Shocking and unbelievable

I must admit that social media came into my life at a time where I had already learned some understanding of what should and should not be publicly shared.  I also had learned from a young age to follow the golden rule.

So, when I read about the idea of nursing home caregivers posting pictures to social media showing seniors in their care in deplorable conditions or being abused I was beside myself in outrage.  This level of cruelty and depravity cannot be understood or explained away.

Sadly, it is also a symptom of the nursing home industrial complex we have here in the United States.   In a country where the monthly costs of such care can run as much as $10,000 and there are little to no regulations as to caregiver to resident ratios it is unsurprising that those caregivers who really care about the seniors in their care burnout and quit the field entirely.  This leaves behind those who could care less about those in their charge allowing such heinous acts to be committed.

While corporate big-wigs reap huge salaries, overworked and understaffed the caregivers can barely make a living wage.  They often do not have the supplies on hand to provide proper care (gloves, cleaning supplies, adult briefs to mention a few).

Imagine the pain in the heart of a good, caring caregiver who has to show up to work day after day knowing they will never be able to interact with their charges as the human beings they are.  That they will never be able to adequately provide even the minimal amount of daily care because they are stretched so thin among all their charges.  While doing your job you will be barely earning enough to keep yourself housed and fed with your heart being torn out with each moment of heartbreaking toil there is little wonder that they burn out.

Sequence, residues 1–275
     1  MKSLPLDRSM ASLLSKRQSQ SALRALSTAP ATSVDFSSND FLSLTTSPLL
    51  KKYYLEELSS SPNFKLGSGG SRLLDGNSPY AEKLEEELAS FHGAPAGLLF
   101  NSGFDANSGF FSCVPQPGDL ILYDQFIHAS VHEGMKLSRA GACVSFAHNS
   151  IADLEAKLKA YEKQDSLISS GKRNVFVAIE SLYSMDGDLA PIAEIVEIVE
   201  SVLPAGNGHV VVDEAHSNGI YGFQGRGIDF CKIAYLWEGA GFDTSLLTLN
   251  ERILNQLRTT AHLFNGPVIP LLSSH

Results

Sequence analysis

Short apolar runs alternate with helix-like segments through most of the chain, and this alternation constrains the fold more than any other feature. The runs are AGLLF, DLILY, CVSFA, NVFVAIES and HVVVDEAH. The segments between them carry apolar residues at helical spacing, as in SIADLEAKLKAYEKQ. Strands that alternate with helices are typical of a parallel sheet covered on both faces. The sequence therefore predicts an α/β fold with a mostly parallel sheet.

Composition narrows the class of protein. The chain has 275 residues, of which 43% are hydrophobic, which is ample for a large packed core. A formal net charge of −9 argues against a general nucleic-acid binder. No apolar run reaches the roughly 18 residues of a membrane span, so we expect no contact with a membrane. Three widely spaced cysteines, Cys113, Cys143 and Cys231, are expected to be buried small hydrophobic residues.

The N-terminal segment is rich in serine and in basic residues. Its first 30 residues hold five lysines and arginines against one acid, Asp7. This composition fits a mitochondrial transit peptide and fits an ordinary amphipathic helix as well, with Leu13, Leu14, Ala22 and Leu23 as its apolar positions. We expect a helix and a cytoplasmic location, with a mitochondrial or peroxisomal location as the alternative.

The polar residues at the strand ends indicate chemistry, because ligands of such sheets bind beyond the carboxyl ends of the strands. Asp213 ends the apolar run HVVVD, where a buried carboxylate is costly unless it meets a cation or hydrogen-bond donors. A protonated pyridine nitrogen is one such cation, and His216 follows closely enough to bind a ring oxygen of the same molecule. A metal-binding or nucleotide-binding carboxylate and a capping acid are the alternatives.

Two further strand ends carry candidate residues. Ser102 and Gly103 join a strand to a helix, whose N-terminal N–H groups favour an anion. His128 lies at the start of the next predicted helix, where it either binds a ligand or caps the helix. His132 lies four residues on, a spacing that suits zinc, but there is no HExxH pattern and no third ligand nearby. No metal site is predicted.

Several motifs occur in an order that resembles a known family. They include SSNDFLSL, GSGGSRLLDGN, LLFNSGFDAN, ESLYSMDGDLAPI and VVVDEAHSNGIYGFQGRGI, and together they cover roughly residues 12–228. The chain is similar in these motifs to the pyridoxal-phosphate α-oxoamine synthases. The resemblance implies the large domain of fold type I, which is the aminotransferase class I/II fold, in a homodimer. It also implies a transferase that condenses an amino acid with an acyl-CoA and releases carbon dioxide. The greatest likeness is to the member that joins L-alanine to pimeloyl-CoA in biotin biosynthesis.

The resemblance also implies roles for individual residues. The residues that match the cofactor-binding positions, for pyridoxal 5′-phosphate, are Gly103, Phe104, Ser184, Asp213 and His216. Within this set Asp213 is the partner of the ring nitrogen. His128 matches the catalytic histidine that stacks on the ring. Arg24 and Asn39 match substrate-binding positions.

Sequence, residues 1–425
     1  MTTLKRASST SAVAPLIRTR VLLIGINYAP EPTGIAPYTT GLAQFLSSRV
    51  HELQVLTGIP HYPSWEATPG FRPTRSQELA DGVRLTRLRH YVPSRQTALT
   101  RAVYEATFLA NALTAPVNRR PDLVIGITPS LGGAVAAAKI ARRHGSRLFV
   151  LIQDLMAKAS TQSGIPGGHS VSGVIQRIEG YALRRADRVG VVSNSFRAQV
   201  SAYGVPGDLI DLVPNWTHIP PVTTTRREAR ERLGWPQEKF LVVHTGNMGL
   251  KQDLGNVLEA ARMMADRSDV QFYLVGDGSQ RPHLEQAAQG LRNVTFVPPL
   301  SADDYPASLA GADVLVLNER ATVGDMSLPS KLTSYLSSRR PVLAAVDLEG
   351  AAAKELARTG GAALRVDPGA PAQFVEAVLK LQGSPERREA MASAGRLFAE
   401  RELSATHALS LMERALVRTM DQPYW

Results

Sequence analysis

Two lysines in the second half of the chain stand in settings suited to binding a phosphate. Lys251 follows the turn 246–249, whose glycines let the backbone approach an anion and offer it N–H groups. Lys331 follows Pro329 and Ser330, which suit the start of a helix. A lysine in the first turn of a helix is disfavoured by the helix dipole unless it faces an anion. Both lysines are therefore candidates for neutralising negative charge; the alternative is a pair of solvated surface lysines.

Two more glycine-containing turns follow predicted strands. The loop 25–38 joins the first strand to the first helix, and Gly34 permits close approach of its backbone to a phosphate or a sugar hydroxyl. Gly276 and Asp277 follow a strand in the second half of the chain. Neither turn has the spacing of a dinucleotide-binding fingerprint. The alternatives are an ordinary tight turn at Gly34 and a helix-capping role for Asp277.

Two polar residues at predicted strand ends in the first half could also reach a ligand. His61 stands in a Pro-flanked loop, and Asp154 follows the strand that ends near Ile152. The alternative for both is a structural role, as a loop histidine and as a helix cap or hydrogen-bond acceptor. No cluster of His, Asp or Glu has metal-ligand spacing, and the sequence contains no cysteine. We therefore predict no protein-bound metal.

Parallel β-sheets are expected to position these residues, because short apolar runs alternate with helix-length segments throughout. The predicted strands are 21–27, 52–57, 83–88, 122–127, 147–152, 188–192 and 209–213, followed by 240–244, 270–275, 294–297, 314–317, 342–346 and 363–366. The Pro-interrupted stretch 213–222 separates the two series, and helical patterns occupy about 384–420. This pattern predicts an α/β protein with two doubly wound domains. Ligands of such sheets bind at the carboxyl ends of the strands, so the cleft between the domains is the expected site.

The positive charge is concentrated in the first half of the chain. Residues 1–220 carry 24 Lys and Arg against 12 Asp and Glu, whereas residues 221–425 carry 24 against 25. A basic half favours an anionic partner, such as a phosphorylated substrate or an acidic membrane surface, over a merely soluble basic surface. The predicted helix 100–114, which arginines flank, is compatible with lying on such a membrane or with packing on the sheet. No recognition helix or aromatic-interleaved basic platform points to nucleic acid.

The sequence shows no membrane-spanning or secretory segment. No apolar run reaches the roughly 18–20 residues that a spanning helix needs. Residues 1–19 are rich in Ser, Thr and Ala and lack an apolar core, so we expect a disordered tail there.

The regulations regarding the posting of demeaning photos on social media by caregivers are sadly necessary at this time, but I feel that it would be a better use of Congress’ time to search out what is causing the climate of unfeeling caregivers to propagate.  Perhaps requiring higher staffing levels and allowing the resident to caregiver ratios be based upon resident needs rather than straight numbers will allow the good caregivers to wish to remain in the industry and weed out the bad apples in the bunch.

Here is an article in NPR regarding the posting of demeaning photos on social media:

Exploitation on social media is a form of abuse

I can’t, I just can’t …

Today in my news feed a story comes up about a resident-on-resident assault in a memory care unit in Florida.  It was bad.  Two memory care patients, no staff nearby and a vicious attack – one man punched over 50 times.  

The national news jumped on this, the terrible home that allowed this to happen has the highest rate of fines and disciplinary actions for the entire state.  Incompetence at the highest levels of management and ownership!  Where were the caregivers?  How dare they hire staff members who cannot communicate properly with the residents?  Why wasn’t this facility closed down by the state (following this incident there were apparently 2 fatalities of residents caused by neglect).

So for this 15 minutes of fame … attention to the plight (yes, plight) of our seniors in nursing facilities, the nation is outraged.  People are asking how can we treat people like this?  People are asking why didn’t the government step up?  People are asking questions and I have a simple answer: